In many ways, the underlying theme in Akira Kurosawa’s films of the 1950s is that we are incapable of knowing ourselves and are, as a forest spirit remarks in Throne of Blood (蜘蛛巣城, Kumonosu-jo), afraid to look into our own hearts and admit our darkest desires. In adapting Shakespeare’s Macbeth, Kurosawa is less interested in the pull of ambition than the insecurity that drives it along with the inability to transcend himself that precipitates the hero’s decline.
Indeed, after Washizu (Toshiro Mifune) and his best friend Miki (Minoru Chiaki) ride into the misty forest domain of the witch-like seer who ominously turns her spinning while offering a moral lesson that neither of them heed, they sit on the ground and laugh about what they’ve heard. Yet as Washizu partly admits the old woman revealed something of himself to him in that she echoed a dream of which he was unwilling to speak. Miki asks what warrior would not want to be placed in charge of a castle, but for Washizu it’s almost a primal need to prove himself in surpassing other men. Miki, by contrast, is not so nakedly ambitious but he doesn’t really need to be because he has a son. Washizu has no heir, his line will end with him and so he has only this life to make something of his name.
Having no heir also undermines his sense of masculinity, just as it undermines the femininity of his wife, Lady Asaji (Isuzu Yamada), who as a woman now likely too old to bear a child may fear for her position. Kurosawa styles Yamada’s face as a perfect noh mask while she delivers her lines with the intonation of noh theatre all of which lends her a fairly eerie presence which only deepens as she descends into the darkness and back out again hovering like a ghost. She is in a sense perhaps already dead if not otherwise possessed by some malignant spirit as she urges her husband on in their dark deeds like a demon on his shoulder even going so far as to present him with the spear he will use to murder his lord, the ultimate act of samurai transgression.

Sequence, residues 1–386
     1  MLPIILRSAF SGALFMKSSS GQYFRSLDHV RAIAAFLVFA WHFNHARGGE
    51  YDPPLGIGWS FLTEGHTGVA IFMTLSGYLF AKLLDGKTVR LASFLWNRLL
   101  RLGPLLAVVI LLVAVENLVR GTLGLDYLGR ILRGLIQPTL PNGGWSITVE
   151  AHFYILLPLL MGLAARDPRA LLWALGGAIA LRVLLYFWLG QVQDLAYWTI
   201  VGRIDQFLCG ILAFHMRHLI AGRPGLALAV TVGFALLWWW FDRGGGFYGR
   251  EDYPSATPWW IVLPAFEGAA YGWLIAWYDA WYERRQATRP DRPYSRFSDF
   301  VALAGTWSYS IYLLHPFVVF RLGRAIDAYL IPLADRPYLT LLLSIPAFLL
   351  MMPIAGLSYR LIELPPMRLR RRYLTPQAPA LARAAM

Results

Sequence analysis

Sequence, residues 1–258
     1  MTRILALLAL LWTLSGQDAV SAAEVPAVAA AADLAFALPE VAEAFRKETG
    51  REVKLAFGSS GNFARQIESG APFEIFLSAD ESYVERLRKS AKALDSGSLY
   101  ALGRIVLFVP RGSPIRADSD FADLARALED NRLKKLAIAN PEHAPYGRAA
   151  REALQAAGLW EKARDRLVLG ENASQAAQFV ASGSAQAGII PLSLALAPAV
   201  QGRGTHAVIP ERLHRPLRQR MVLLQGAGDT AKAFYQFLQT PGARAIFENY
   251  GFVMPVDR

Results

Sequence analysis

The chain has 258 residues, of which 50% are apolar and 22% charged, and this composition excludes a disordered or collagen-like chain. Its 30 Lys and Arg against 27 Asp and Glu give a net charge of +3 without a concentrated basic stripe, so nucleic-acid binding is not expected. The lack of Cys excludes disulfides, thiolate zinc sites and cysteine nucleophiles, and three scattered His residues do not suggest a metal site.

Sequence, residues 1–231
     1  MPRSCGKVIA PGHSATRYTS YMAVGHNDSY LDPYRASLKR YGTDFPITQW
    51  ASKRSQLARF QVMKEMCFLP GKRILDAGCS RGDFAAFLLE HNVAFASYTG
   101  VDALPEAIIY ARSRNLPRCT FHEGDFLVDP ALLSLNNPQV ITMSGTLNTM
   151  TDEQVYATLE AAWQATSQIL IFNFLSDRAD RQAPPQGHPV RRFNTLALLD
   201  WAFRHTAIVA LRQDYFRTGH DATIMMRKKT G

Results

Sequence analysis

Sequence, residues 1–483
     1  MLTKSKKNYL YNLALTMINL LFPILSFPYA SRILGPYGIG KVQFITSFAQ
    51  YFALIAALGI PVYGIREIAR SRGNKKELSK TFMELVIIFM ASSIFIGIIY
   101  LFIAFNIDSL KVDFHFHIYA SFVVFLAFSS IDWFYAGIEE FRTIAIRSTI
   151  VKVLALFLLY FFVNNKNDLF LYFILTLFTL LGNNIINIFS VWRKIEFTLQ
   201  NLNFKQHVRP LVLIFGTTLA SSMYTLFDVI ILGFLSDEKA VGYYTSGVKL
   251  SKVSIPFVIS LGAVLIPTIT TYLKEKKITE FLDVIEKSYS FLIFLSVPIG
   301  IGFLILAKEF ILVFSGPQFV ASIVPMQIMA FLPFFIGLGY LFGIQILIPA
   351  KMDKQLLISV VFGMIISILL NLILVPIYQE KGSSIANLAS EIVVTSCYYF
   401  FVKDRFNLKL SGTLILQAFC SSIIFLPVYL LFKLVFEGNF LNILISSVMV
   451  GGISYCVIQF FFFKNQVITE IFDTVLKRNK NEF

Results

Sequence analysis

Yet as Lady Asaji points out, the present lord killed the lord before him for the right to sit on the dais. When the lord comes to stay with them on a pretext of hunting while preparing to launch an attack on a potential rival, the couple are moved into a room previously inhabited by a retainer who’d tried to mount a rebellion but was defeated. He took his own life and the room is still stained with his blood which covers both walls and floor. Washizu ought to realise that this is his fate too, but deep down he wants the prophecy to be true, which it is if more in the letter than the spirit. Would he have done it if he had not met the forest spirit, or would he only idly have thought of it but never followed through? It’s not something that can be known, but his eventual failure is born more of his inability to accept this side of himself than it is the price of ambition in itself. “If you’re going to choose ambition choose it honestly with cruelty” the forest spirit later advises, and Washizu might have been more successful if had he done so earlier.
Then again, the world he lives in is as Lady Asaji describes it a wicked one in which betrayal is an all but inevitable certainty. Washizu insists that Miki is his friend, and that making Miki’s son his heir satisfies the prophecy while binding him to him so that he cannot rebel even if he were minded to. But Lady Asaji assumes that Miki is ambitious too, suggesting that he may strike first or report his treachery in the hope of personal advancement. For the prophecy to come true, someone has to betray the lord though it need not have been either of them but there can be no trust or friendship in this world of fierce hierarchy and internecine violence.
Both men should perhaps have realised that when they were trapped riding around the eerie lair of the forest spirit with its mists and cobwebs not to mention heaps of piled skeletons still in their armour all victims of ambition and the spirit’s false promises if also echoing the legacy of wartime folly. “Look upon the ruins of the castle of delusion” the noh chant that opens and closes the film intones, warning of illusionary riches and the price of deluding oneself along with the destruction wrought by those unable to break free of the spider’s web of human desire.
Throne of Blood screens at the BFI Southbank, London on 21st February 2023 as part of the Kurosawa season.
Original trailer (no subtitles)